I don’t know what made me do it, but I actually had a huge urge to sit next to the new girl. I didn’t even know her name, yet I felt like… I don’t know… I just had a feeling…
When I sat down next to her, she didn’t even flinch. Instead, she asked, without looking up, “What the hell are you doing here?”
I ignored her question. “What’s your name?” I clenched my jaw, in the hope it was the right move.
She finally looked up, looking annoyed. I guess she wasn’t used to having people not answering her question. “I don’t have a name.”
I was surprised. “What do you mean?” I asked slowly. “Everyone has a name.”
“I don’t have a name.”
“Yeah you do.”
She stared at me, her eyes turning cold. “Shut up. I don’t have a name.”
I decided right now was the perfect time to change the subject. “So… what do you like to do?”
The new girl shrugged. “Smoke. Read. Trying to drown people in the pool.”
When she saw the look on my pale face, she laughed. “I’m just kidding about the last part. Although I do smoke.”
“You’re only twelve.”
“Oh. Well, I like to read. Do you?”
“I like reading the cigarette brands. You?”
I sighed. “I meant books.”
“Chill, dude. Iz just a joke.”
Our conversation literally ended right there. I thought our conversation was pretty decent because she actually laughed. Well, at her own lame and horrifying joke, but still, I get at least one bonus point. I thought it was going to end well.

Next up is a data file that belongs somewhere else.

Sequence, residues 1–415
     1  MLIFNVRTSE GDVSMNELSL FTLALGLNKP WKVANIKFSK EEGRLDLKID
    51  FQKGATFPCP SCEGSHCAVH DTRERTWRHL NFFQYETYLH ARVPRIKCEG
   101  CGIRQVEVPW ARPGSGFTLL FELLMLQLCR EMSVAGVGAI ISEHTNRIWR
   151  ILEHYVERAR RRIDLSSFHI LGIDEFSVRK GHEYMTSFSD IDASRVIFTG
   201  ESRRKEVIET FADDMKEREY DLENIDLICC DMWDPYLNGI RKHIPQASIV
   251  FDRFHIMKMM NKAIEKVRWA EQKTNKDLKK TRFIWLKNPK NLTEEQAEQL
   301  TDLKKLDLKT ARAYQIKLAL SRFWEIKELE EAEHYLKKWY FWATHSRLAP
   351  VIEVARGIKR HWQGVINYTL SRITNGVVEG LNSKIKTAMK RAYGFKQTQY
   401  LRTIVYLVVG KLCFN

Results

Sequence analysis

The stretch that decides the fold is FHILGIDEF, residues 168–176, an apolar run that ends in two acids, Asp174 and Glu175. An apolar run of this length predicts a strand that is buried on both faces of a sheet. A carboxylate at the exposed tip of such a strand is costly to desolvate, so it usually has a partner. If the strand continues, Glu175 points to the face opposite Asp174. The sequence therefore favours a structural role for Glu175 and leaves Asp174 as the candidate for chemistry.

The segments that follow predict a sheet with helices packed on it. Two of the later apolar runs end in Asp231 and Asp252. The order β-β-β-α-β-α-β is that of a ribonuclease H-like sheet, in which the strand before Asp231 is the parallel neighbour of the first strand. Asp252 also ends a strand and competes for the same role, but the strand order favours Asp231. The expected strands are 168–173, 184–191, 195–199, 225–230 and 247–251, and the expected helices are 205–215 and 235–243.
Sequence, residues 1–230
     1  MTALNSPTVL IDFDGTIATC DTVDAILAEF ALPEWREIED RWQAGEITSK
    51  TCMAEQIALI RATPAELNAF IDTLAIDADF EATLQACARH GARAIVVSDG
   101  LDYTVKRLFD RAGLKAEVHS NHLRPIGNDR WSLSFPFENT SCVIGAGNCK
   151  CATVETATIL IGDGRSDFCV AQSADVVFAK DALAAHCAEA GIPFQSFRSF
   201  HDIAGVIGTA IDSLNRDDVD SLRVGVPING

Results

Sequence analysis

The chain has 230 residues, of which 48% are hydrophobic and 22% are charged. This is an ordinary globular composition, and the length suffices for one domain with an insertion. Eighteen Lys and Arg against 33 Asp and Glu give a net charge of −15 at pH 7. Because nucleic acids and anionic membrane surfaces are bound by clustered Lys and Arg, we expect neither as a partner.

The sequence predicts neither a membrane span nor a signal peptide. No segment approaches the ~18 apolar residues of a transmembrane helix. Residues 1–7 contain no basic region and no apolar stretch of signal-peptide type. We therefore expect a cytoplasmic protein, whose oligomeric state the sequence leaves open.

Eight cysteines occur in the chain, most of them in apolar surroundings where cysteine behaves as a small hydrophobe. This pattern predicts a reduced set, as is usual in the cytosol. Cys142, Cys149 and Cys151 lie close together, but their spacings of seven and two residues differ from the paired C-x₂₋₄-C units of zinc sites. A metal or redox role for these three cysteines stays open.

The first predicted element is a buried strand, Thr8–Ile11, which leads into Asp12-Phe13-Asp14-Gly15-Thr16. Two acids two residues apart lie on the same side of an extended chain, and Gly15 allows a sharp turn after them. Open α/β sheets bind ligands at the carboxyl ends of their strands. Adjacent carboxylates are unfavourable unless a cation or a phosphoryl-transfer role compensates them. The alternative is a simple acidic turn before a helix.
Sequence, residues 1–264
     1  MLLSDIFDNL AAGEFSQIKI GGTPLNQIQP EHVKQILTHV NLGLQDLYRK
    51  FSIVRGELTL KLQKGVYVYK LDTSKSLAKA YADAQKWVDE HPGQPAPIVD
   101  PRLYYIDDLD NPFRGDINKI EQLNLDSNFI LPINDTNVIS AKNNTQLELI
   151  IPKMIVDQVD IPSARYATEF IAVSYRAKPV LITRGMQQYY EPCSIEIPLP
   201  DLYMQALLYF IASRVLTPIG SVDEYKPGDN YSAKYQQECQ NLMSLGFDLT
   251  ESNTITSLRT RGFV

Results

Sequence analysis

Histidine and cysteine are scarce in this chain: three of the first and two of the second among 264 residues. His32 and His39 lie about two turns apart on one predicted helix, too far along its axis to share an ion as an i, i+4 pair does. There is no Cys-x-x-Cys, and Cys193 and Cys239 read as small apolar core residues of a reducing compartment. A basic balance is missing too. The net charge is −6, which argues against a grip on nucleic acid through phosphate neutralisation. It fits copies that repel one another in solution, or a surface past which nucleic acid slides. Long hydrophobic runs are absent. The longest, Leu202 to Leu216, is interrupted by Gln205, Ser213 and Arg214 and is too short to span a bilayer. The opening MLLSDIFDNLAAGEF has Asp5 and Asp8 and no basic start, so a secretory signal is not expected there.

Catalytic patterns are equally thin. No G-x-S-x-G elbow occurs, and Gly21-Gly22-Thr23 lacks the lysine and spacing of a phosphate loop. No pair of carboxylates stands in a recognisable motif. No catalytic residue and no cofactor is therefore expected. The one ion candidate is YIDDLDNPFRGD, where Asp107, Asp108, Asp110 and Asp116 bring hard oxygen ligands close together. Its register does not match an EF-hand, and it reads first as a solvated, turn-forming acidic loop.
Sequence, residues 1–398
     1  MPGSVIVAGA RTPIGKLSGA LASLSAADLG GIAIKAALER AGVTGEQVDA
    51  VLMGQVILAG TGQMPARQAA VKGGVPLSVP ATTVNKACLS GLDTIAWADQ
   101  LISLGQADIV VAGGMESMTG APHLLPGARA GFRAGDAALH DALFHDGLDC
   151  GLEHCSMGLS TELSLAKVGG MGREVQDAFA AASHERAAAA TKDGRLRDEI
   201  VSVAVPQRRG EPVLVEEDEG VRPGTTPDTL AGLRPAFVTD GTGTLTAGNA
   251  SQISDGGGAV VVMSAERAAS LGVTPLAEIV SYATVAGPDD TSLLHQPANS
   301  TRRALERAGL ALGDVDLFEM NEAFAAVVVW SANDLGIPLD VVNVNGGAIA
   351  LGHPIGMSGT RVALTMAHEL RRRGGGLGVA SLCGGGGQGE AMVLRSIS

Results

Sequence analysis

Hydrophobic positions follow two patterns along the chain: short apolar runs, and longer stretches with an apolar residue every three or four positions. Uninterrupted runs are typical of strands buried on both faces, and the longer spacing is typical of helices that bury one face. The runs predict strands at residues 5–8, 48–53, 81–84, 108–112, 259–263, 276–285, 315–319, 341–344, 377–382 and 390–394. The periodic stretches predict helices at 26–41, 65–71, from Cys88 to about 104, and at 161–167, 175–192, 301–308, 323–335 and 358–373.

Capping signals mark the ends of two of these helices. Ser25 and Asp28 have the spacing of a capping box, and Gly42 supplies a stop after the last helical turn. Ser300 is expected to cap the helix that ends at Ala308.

“Anyway, see ya. Lunch is over.”
I was about to tell her the bell didn’t ring yet, but again, right on cue, the bell rang. Miracle.
“How do you do that?” I caught up with her as she went to class.
“Do what?” She slowed down.
“Saying the bell will ring right before it rings.”
She shrugged. I guessed that meant I wasn’t getting answers any time soon.
“Well, then, see you when we work on our project again.” I took off to the classroom, leaving her hanging. I hope she didn’t mind.
* * *
The new girl and I actually became closer. We didn’t really ask personal questions, because that would end up with the crickets chirping in the silence again. I still sat next to her during lunch, and we talked more during the science fair work. I thought, And things actually ended like this.